Also in action on the Thai show was former 2-time world title challenger Chonlatarn Piriyapinyo (56-2, 37) who scored a stoppage win against Boido Simanjuntak (18-29-1, 7). Whilst this wasn't a hugely noteworthy bout it does need noting that it did see Chonlatarn beginning life as a Super Featherweight. The move up in weight could be a very interesting one for the tough but limited Thai.
Just a day later, on August 8th, Japanese fans saw OPBF and Japanese Middleweight champion Akio Shibata (26-8-1, 12) retain his titles with an 8th round TKO win against Yasuyuki Akiyama (10-5-1, 8). This was really a mismatch from the off and Akiyama had nothing to trouble the talented Shibata, who has now won 6 in a row since being stopped by Ryota Murata. This win has set Shibata up for an exciting looking showdown with Koki Tyson Maebara.
On August 10th we had another double-header, this time with a pair of OPBF title fights.
The first of those ended with Ryo Takenaka (13-3-1, 7) scoring a KO of the year contender against the defending OPBF Featherweight champion Vinvin Rufino (37-17-3, 16). Rufino was defending the title for the first time but never managed to get into the fight following an early knockdown. The title changed hands in round 5 when Rufino was knocked out cold by the challenger. For Rufino this will feel like a redeeming win considering he almost won the title last year, suffering a 12th round TKO loss, whilst in the lead, against Hisashi Amagasa.
Staying with Thailand we got controversy on August 18th when former world champion Sirimongkol Singwancha (85-2, 54) narrowly out-pointed Mohamed Larabi (4-5, 2) in a bout that saw the visitor express his disgust at the decision whilst still in the ring. In the past we've seen visitors shrug about losing decisions in Thailand but Larabi really made his feelings known and with good cause as he seemed to do more than enough to deserve a very clear win.
On August 20th Japanese fans had the chance to see the heavy handed Satoshi Hosono (28-2-1, 20) retain his national Featherweight title with a clear win over Tatsuya Otsubo (8-7-1, 3). Hosono dominated the bout from round 2 onwards and was a deserving winner. Only days after this bout Hosono's next bout was announce, and he will now defend title in October against Takuya Watanabe.
On the same card as Hosono's win over Otsubo fans saw Ryo Matsumoto (15-0, 13) and Akira Yaegashi (22-5, 12) score wins and direct their attention to world title fights, with hoping to land a top level fight by the end of the year.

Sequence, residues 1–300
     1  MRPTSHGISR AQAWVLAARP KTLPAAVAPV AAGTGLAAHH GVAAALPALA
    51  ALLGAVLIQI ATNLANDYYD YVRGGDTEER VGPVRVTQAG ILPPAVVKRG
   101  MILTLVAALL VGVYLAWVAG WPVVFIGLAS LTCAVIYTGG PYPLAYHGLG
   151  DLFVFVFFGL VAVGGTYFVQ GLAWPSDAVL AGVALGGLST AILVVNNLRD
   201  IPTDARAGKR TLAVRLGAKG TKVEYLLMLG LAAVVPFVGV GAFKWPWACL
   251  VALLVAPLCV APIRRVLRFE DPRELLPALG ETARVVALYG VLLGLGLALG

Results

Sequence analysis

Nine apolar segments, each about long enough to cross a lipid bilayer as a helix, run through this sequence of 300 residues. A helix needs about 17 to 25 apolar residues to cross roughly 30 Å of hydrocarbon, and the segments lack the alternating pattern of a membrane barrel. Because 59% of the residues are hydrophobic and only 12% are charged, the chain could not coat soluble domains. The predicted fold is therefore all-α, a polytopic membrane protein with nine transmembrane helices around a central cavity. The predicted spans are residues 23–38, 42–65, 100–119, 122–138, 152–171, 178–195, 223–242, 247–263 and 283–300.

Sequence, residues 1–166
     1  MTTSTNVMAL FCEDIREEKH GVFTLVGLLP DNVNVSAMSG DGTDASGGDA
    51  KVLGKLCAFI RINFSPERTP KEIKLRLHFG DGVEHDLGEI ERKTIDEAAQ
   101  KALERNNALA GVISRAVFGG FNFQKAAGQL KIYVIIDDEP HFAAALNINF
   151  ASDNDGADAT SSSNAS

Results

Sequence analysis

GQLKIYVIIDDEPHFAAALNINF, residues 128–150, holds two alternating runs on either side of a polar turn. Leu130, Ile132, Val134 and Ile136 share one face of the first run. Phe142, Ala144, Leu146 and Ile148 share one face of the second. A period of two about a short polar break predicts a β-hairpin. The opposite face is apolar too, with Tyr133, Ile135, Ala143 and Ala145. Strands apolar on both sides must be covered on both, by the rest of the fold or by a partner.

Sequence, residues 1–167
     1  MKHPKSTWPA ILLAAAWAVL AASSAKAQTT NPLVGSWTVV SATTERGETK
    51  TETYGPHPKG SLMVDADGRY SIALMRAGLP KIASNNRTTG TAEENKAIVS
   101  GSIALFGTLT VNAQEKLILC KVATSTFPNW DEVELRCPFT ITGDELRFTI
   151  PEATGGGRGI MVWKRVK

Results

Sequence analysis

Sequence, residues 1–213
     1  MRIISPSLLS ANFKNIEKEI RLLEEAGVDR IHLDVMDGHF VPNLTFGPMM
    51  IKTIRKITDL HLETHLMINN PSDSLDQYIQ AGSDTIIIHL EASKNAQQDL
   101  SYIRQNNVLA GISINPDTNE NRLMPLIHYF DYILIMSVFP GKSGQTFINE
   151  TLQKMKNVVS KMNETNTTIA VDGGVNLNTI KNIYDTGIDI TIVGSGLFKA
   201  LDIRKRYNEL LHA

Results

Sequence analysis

The second big controversy of the month came on August 23rd when former world title challenger Teiru Kinoshita (22-1-1, 5) took a very controversial decision win over the little known Cyborg Nawatedani (9-3-2, 4). Nawatedani seemed to easily out work, out land and out fight Kinoshita however he was denied the win on the scorecards with numerous fans calling for the result to be reviewed.
August 28th we saw one of the biggest upsets of the year as former world title challenger Pigmy Kokietgym (57-8-2, 23), who was ranked #1 by the WBO at Minimumweight, was stopped by unheralded Filipino Jaysever Abcede (10-3, 6). Coming in to the bout Pigmy was, supposedly, set to fight WBO world champion Kosei Tanaka though Abcede certainly but a halt on that bout with one of the sweetest right hooks of the year.
Although the world level action was sparse we've still managed to have a brilliant month with a bit of everything and the month, whilst not the best, certainly was one to look back on and saviour as an Asian boxing fan.
Also we suspect we may have missed some of the best moments. If we have then please leave a comment telling us about the best bits of the month that we forgot!
AsianBoxing.info- The Site for Asian Boxing News, Results and Profiles
On July 18th boxing fans at the Portopia Hotel in Kobe will get the chance to be part of a small bit of history as they get the opportunity to see the first ever fight taking place at the excellent hotel. The bout, an IBF Super Flyweight world title contest, will see Teiru Kinoshita (19-0-1, 3), himself an employee of the the hotel, fighting against South African puncher Zolani Tete (18-3, 16).
One thing that struck us was that this was going to be the 5th "Japan Vs South Africa" world title bout in the last few years and the first not to feature either Katsunari Takayama and Hozumi Hasegawa who between them have been involved in all 4 of the previous clashes between the nations. With that in mind we've decided that it was worth looking over the short history of the other recent Japan Vs South Africa world title clashes.
Of course the rivalry between the two isn't a big one. It's not like the rivalries between the Oriental countries which have seen some great fights between Japanese fighters and Thai's, Thai's and Filipino's and Filipino and Japanese. But the rivalry has started to warm up, especially since the JBC began to recognise the IBF and it seems likely that we will see more and more meetings between fighters from the two nations.
Hozumi Hasegawa Vs Simpiwe Vetyeka
The first of these of these bouts was just over 7 years ago as the then WBC Bantamweight champion Hozumi Hasegawa, then with a record of 21-2 (7), battled against the unknown Simpiwe Vetyeka, who was unbeaten with a record of 16-0 (9) though had faced no one of real not.